Introductory Algebra for College Students (7th Edition)

Published by Pearson
ISBN 10: 0-13417-805-X
ISBN 13: 978-0-13417-805-9

Chapter 7 - Cumulative Review Exercises - Page 565: 3


$x$ can be either $-6$ or $3$.

Work Step by Step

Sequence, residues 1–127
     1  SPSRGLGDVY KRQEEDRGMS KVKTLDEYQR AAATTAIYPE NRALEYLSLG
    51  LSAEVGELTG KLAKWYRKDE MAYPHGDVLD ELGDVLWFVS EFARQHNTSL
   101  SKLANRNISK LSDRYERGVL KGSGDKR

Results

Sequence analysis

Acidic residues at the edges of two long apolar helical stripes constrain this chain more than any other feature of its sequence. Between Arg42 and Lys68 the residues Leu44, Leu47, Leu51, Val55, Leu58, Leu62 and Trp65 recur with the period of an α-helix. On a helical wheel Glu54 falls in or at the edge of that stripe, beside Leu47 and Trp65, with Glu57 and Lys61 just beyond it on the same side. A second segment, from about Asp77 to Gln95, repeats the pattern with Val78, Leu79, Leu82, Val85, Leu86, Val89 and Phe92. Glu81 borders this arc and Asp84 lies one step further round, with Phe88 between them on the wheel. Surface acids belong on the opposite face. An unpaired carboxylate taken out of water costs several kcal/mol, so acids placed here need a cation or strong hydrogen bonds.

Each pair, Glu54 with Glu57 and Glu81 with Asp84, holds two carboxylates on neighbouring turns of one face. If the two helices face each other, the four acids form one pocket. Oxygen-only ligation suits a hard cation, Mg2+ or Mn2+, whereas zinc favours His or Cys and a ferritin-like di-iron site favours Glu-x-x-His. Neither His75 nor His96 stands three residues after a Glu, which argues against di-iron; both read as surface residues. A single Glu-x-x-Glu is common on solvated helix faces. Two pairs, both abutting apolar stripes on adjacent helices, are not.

To solve the equation, let us first subtract $18$ from both sides of the equation to set the equation to zero: $$x^2 + 3x - 18 = 0$$ We can now factor this trinomial. We need to find the factors of $-18$, the constant term, that will add up to the coefficient of the middle term, $3$. Let's look at the factors for $-18$: $-18$ and $1$ or $18$ and $-1$ $-9$ and $2$ or $9$ and $-2$ $-6$ and $3$ or $6$ and $-3$ It looks like $6$ and $-3$ will work. Let's set up the factorization: $$(x + 6)(x - 3) = 0$$ According to the zero product rule, if either of the factors equals zero, then the product of the factors is zero. We can now set each of the factors equal to zero and solve for $x$: $$x + 6 = 0$$ Subtract $6$ from each side to solve for $x$: $$x = -6$$ Let's set the other factor equal to zero: $$x - 3 = 0$$ Add $3$ to each side of the equation to solve for $x$: $$x = 3$$ $x$ can be either $-6$ or $3$.
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